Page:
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How Do Developments Help Chapel Hill?

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150 Gather in Carrboro for Orlando Vigil

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Nurturing Technology in Chapel Hill

We’ve all wondered what kind of economic development would really grow Chapel Hill’s net revenues — we’ve learned that expensive apartments buildings grow our tax base but won’t help our bottom line (more money going out in service costs than is brought in by revenues.)

Is high tech the solution? Join us on Tuesday, June 7th for a discussion by experts: “Nurturing High Technology Businesses in Chapel Hill”.  This free event will be held at Extraordinary Ventures, at Elliott Road,  from 6:00 – 8:00 pm.

Microsoft Word - CHALTForumAnnouncementFlier.docx

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Public Shortchanged When Public Can’t Follow the Developer Money

by Joe Buonfiglio, Chapel Hill News, May 22

Mark Zimmerman’s pro-development propaganda loosely veiled as commentary (“Developing a Better Attitude in Chapel Hill,” CHN, May 1) cannot go unchallenged.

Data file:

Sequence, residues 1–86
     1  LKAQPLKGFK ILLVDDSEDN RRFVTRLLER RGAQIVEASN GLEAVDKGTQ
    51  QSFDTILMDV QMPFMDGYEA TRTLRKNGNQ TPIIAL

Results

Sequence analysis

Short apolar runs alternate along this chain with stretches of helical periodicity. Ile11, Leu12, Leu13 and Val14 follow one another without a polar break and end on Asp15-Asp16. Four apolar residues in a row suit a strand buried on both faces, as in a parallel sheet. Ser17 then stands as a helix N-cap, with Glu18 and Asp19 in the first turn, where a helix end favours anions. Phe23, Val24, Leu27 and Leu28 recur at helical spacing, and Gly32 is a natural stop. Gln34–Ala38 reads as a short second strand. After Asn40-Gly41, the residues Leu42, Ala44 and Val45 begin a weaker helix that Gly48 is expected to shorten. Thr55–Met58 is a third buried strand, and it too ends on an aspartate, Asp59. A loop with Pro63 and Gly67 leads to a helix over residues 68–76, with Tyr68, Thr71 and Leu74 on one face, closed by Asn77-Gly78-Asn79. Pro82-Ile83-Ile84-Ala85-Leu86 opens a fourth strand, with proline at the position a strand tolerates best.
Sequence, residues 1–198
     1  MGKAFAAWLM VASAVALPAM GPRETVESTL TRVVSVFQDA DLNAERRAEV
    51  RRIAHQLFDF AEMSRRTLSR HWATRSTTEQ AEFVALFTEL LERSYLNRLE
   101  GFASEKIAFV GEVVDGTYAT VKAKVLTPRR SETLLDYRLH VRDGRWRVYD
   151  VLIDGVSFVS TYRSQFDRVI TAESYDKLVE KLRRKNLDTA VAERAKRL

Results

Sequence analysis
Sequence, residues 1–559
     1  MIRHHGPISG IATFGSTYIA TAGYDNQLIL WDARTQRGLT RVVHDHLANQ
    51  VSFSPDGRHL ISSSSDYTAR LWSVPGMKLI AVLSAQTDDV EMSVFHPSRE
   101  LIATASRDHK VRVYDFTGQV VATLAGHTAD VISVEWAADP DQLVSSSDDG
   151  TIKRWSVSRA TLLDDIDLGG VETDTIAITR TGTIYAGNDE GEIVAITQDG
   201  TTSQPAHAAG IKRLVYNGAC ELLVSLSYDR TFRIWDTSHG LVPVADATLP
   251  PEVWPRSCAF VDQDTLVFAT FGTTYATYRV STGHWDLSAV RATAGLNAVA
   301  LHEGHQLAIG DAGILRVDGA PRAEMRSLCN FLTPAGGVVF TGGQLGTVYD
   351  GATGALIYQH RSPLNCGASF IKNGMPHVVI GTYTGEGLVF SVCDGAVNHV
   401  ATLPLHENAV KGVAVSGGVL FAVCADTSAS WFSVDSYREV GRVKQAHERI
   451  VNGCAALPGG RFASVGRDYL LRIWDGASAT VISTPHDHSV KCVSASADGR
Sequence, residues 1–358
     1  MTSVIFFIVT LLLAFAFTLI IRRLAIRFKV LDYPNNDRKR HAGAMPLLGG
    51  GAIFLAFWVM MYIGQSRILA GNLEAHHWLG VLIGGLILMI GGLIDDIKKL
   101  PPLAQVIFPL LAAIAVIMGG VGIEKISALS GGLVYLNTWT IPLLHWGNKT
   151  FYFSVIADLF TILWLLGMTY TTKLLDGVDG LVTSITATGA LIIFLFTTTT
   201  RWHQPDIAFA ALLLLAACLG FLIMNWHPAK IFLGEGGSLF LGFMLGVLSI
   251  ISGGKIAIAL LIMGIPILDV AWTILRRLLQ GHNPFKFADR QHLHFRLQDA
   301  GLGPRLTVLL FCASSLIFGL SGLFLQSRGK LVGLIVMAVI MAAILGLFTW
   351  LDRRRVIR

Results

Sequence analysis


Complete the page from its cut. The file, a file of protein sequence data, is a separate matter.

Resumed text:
He says our mistrust of developers’ motivations creates unwarranted suspicions when developers donate to specific candidates who appear to favor a pro-development agenda. He maligns news-media reporting of those suggesting a link to potential “influence-peddling or providing payback for decisions.”

To his eyes, the community doesn’t understand that big developers aren’t bad guys, but simply help our community grow while being its wealth-creators along the way. Reading Zimmerman’s explanation of it all, one could conclude that the huge profits big developers such as Roger Perry and his East West Partners reap off of Chapel Hill are the farthest thing from their minds. It’s as if the out-of-place monstrosity being built on Elliot Road and the prison-wall ambience of East 54 are there to solely sprinkle happy economic fairy dust on Chapel Hill without any thought to shoving big bucks into the developer’s pocket.